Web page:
This is an area I won’t even go into. Not going there. But basically, from a musician’s point of view, I’m not concerned with the legal aspects of making music. That’s for lawyers and publishers. I’m concerned strictly with music. For me, all that really matters is whether or not I feel I’m doing something that I feel is worthwhile and has integrity.
That’s why I come back to what the musicians’ objective is. Is your objective to cheekily steal someone else’s music? Or is your objective to take that music and make it something of your own? Even then, the language I’m using isn’t accurate enough. The notes and the chords you’re playing belong to everyone. We have this keyboard with these notes and we all work with them. No one can claim ownership of this or that. The only thing you can claim ownership of is the physical recording, and that’s when you get into publishing and mechanicals and all that.
Another parallel I thought of was the session players at Motown or in Nashville. Someone comes in and has written a song with a melody and chords, and a guitar player there might have a lick that opens the song that ends up being the most recognizable part of the song. Is he a co-writer then?
It’s the decision that was made that should be credited. Whoever decided to put that lick at the beginning of the bar or wherever that makes it recognizable—the producer, I guess. He can’t take credit for that lick, because he paid the musician for it. The musician was free to make that decision himself, had he wanted to. He could have made his own track with that lick, but he chose to do something else with it.
These cases tend to pop up years later. Last year the organ player from Procul Harum decided that he had written “Whiter Shade of Pale.”
There’s a lot of money to be made from these kind of arguments. That’s why it’s almost a separate issue. What you can prove legally depends on the definitions in the law, and they’re too crude to be applied to the intricacies of music. A few basic rules have to be applied to a wide spectrum of different shades of gray. It’s the way it is because it can’t be any other way. But you shouldn’t lose sight of the fact that it’s not quite accurate enough. One rule shouldn’t apply to something else that isn’t similar enough. The law in general has to be broad. When you’re dealing with something as complex as this, it’s hard to take a moral standpoint based on definitions in the law.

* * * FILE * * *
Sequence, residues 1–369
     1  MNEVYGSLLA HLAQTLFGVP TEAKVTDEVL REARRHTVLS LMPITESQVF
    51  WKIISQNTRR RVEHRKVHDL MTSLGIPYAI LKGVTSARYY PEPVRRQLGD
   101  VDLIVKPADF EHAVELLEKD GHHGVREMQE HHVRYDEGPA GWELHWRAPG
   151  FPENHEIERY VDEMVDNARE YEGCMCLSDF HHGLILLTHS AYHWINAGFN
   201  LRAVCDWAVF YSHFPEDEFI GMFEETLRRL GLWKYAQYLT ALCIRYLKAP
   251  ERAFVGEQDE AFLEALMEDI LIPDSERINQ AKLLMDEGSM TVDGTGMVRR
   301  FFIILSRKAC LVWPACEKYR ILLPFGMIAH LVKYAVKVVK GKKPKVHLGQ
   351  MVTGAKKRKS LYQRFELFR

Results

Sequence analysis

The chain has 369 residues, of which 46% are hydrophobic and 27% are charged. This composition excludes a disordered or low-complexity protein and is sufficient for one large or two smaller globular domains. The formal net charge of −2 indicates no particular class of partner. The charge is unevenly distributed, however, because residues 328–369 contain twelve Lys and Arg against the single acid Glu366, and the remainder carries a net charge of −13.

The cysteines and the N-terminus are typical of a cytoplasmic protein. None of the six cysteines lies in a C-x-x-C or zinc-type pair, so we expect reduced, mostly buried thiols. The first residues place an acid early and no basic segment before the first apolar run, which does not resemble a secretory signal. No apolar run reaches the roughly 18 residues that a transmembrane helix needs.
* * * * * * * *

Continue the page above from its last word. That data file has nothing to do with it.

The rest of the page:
What did you tell your musicians coming in to the session? I’m assuming there was a very clear understanding from the beginning as to what was going on.
Oh, yeah. We all had contracts. I know these musicians personally, and they’re all very familiar with what I do. I don’t feel like I need to rip anyone off, personally. I’m not in that position. My input is in arranging, transforming and decision-making in terms of what goes where. All I’m doing is collecting source material and trying to build these musical structures out of it. I don’t really take any more credit than that for what I do.
From a legal perspective, things could be argued many different ways, especially when I sample from records. In my past, I’ve taken longer bars than just the occasional note here and there. There are times when I’ve made them completely unrecognizable. But, if I didn’t have that one piece of source material, the song may never have materialized. I don’t know. I’m repeating myself now.
When your album was done, how much of themselves did the original musicians hear on the record?
A lot of them couldn’t hear them at all. I felt a bit bad about that in some ways. They’re so overqualified. I had a whole brass section come in and do stuff, and I doubt any of them can identify where they are on the record. Others did stuff that is clearly identifiable, like Kronos, Patrick or Stefan. I was nervous playing things for some of these musicians. I didn’t want to undermine their talent or the importance of what they do. But from my point of view, it was a very clinical process. Stef is an incredible drummer who did these intricate and great drum patterns, which many times were re-ordered to such an extent that I’m not sure he would approve of what I did with his drums. You’d have to ask them.
Ask them I did. Tomorrow, a brief interview with Patrick Watson's guitarist Simon Angell, who also played on Foley Room.